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Indianapolis in Marion County, Indiana — The American Midwest (Great Lakes)
 

Lincoln to the Citizens of Indiana

 
 
Lincoln to the Citizens of Indiana Marker image. Click for full size.
By Mbowyer, October 1, 2006
1. Lincoln to the Citizens of Indiana Marker
Inscription. “. . . it is your business . . . if the Union of these States, and the liberties of this people, shall be lost. . . . It is your business to rise up and preserve the Union. . . .”

From speech by President-elect Abraham Lincoln at intersection of Washington and Missouri Streets, Indianapolis, February 11, 1861.
 
Erected 1961 by the Indiana Historical Society. (Marker Number 49.1961.2.)
 
Marker series. This marker is included in the Indiana State Historical Bureau Markers, and the Lincoln 1861 Inaugural Train Stops marker series.
 
Location. 39° 46.041′ N, 86° 9.917′ W. Marker is in Indianapolis, Indiana, in Marion County. Marker is at the intersection of West Washington Street (U.S. 40) and South Missouri Street, on the right when traveling west on West Washington Street. Click for map. Marker is at or near this postal address: 402 W. Washington Street, Indianapolis IN 46204, United States of America.
 
Other nearby markers. At least 5 other markers are within walking distance of this marker. Here, Abraham Lincoln Said (here, next to this marker); Macedonian Tribune (about 400 feet away,
Lincoln to the Citizens of Indiana Marker image. Click for full size.
By Pat Filippone, July 18, 2013
2. Lincoln to the Citizens of Indiana Marker
measured in a direct line); The National Road (about 700 feet away); Site of the Central Canal (about 700 feet away); Indiana State House (about 700 feet away). Click for a list of all markers in Indianapolis.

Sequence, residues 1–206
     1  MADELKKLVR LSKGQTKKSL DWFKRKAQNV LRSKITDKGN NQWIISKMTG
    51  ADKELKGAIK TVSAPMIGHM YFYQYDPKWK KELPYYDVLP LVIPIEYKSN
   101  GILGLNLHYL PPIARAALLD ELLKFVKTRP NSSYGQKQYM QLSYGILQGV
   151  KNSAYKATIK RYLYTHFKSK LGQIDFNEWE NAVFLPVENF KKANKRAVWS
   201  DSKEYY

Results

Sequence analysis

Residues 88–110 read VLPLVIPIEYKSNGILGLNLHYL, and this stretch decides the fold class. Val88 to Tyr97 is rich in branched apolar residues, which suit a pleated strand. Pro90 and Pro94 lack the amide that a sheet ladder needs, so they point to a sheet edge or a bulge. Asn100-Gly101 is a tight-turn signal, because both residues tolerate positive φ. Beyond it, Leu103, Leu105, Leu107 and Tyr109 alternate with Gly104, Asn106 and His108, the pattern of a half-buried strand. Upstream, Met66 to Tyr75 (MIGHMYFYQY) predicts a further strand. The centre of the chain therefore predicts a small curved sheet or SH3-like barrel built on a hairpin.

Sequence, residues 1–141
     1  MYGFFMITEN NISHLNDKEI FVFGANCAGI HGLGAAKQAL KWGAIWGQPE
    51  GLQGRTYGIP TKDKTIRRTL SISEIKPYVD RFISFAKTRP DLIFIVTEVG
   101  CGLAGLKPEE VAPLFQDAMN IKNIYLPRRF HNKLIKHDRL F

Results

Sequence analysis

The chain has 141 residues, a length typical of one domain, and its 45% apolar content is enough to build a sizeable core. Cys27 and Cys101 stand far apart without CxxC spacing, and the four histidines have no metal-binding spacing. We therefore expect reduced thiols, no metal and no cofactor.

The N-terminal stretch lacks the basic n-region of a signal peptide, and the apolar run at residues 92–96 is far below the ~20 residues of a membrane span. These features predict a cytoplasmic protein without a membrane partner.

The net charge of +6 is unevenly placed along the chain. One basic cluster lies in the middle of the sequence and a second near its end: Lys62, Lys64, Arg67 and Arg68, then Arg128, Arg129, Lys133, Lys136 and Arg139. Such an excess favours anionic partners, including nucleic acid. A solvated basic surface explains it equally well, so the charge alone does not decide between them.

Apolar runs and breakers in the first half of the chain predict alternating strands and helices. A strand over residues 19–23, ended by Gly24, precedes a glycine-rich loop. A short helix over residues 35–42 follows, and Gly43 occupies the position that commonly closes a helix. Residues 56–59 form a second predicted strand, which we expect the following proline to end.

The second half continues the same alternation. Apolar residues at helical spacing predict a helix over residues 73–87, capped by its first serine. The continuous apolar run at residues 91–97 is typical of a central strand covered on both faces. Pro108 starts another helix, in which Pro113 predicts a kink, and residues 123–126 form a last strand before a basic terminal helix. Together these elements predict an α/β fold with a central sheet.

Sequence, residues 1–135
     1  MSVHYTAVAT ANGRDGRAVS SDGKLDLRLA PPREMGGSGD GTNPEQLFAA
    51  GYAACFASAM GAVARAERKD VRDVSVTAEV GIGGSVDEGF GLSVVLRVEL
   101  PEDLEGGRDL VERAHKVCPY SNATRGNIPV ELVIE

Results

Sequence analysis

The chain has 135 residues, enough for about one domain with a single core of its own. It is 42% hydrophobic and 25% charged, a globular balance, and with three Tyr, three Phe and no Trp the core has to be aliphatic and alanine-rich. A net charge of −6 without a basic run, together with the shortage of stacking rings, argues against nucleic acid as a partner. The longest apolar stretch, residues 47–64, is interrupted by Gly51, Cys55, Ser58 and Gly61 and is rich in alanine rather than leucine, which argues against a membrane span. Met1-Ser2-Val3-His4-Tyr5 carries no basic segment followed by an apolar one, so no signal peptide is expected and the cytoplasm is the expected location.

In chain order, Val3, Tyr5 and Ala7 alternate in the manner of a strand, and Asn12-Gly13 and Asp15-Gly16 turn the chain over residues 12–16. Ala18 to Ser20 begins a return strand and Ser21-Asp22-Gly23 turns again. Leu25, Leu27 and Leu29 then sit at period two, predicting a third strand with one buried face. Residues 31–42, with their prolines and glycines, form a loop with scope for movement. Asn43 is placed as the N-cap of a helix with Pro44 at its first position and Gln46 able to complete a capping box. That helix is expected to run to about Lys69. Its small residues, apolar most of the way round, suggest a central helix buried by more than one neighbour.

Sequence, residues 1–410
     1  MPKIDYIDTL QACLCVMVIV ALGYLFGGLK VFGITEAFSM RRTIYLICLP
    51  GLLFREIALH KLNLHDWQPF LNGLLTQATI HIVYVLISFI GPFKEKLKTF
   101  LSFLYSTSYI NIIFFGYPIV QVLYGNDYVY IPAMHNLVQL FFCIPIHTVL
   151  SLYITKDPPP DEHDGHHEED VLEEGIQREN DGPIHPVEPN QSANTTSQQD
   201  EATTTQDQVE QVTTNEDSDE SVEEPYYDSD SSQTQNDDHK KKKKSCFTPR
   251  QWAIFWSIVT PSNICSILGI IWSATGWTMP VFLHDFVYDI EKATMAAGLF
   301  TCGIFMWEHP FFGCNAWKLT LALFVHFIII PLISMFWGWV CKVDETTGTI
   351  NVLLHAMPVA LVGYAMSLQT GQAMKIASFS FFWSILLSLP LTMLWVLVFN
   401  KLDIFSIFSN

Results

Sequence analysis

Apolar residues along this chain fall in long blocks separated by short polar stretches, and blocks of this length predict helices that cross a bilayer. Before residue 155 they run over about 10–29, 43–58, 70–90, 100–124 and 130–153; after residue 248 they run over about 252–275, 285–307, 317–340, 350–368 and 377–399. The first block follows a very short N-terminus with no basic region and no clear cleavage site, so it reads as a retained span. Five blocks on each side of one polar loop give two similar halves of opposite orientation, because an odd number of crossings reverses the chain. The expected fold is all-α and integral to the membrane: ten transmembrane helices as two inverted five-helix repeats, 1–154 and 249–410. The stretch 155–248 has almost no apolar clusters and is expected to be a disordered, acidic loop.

Regarding Lincoln to the Citizens of Indiana. The complete quote: “If the union of these States and the liberties of this people shall be lost, it is but little to any one man of fifty-two years of age, but a great deal to the thirty millions of people who inhabit these United States, and to their posterity in all coming time. It is your business to rise up and preserve the Union and liberty for yourselves and not for me.”
 
Also see . . .
1. Video - The Freedom Trail - Indianapolis. Abraham Lincoln worked as a Lawyer in the Illinois Eighth Judicial Circuit. On his "Freedom Trail" train stop in Indianapolis he was headed to Washington, D. C. to become President during a epic period in U.S. History. (Submitted on May 20, 2009, by Al Wolf of Veedersburg, Indiana.) 

2. Video - - "Abraham Lincoln Biography. . ." - (Courtesy - YouTube)::
Marker is in front of the Indiana Government Center Building image. Click for full size.
By Mbowyer, October 1, 2006
3. Marker is in front of the Indiana Government Center Building
. (Submitted on February 15, 2013.)
 
Additional comments.
1. It is Here that Lincoln Arrived in Indianapolis !